Now, after the wearing on of years, like gears well-oiled and unthinking, I find myself forgetting. What is frightening is not so much that I rarely do any meaningful self-inquiry these days, but that I often catch myself existentially disarmed—in a kind of unmindful trance-like performance.  The execution of social scripts becomes an almost mechanistic procedure by design—all the right words in all the right places. In between professional chores and the erosion of social pressures, the once variegated colour of a being in becoming has been washed out, so that it has become what it is—an absent-minded simulacrum.

I can no longer view myself at once as a coherent totality; there are always parts shaded, shadowed, and eclipsed. There are regions that resist investigation; or am I seeing with eyes that are not my own? I grope sightless in a room unfurnished to my touch; but at the fringes of my vision, I recognize the curves and angles of unfamiliar silhouettes—there, but refusing to be seen or known. Now willful un-knowing has become unconscious forgetting.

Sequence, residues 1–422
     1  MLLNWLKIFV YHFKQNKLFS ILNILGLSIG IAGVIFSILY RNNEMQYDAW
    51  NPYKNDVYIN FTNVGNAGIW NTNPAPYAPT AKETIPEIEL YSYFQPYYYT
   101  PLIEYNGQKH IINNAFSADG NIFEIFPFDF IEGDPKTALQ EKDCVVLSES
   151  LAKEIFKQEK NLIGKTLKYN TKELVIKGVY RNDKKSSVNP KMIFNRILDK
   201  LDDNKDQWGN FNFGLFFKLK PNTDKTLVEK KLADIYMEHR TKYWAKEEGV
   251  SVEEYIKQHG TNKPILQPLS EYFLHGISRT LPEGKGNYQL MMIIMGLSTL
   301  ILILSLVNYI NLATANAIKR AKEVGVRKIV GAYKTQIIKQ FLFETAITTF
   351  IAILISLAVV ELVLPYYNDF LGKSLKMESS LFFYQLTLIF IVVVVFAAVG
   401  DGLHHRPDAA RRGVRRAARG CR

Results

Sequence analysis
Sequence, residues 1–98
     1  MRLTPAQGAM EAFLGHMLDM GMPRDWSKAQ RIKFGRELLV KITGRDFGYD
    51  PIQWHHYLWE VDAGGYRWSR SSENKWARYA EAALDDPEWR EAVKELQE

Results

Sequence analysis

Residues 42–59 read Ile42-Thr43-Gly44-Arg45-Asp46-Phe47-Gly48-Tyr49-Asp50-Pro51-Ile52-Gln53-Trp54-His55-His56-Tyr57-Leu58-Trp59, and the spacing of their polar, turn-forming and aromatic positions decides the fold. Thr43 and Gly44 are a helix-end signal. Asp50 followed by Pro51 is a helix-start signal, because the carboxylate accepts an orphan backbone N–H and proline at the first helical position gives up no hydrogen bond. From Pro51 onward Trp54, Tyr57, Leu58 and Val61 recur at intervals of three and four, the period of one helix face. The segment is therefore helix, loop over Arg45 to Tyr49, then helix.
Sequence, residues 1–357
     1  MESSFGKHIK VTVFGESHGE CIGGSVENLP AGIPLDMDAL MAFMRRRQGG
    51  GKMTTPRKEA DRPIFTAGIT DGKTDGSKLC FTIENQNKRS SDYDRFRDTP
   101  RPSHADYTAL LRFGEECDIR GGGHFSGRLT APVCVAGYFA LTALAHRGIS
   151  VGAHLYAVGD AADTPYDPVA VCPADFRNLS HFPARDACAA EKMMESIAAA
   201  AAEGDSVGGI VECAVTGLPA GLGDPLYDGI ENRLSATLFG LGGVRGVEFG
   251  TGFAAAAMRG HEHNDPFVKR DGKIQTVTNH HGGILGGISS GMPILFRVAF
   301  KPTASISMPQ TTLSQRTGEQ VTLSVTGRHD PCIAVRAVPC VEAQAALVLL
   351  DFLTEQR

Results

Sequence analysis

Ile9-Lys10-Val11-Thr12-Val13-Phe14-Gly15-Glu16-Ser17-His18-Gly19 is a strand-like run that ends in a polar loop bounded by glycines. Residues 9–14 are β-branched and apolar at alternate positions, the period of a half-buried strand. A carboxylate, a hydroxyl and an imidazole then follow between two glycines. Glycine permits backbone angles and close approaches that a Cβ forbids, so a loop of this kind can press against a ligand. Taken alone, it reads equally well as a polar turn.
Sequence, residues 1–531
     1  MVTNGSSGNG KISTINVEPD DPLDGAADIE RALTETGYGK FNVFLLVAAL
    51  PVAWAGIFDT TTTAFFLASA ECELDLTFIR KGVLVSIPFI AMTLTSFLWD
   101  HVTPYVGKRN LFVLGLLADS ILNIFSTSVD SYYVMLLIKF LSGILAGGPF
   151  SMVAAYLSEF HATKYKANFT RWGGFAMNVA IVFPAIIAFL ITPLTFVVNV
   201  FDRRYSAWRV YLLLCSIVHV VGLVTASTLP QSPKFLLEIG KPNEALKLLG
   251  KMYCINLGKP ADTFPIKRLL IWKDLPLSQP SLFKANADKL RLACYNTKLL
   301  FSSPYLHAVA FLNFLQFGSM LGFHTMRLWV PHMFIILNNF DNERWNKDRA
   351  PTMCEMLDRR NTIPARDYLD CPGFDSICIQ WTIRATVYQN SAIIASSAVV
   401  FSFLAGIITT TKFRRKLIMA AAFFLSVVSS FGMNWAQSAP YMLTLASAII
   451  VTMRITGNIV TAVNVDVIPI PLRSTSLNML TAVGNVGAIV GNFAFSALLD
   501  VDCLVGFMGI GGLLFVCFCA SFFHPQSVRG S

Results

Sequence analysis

When I do squint and try to remember, the endeavour becomes an exercise in self-alienation. Oscillating between discovery and despair, there is a dis-pairing of the thinking subject and thinking object—like an existentialist project gone awfully and paradoxically wrong. What happens when the scientist turns the microscope on himself, or the astronomer, the telescope? When the light of inquiry falls on the inquirer himself, he begins to notice the once imperceptible hairline cracks creeping across the surface of his own image. Closer inspection reveals swathes of insurmountable distance: an echoless universe residing in the epistemological gap between knower and known; this uncharted, unlit continent that resists geography; a history that refuses to be written.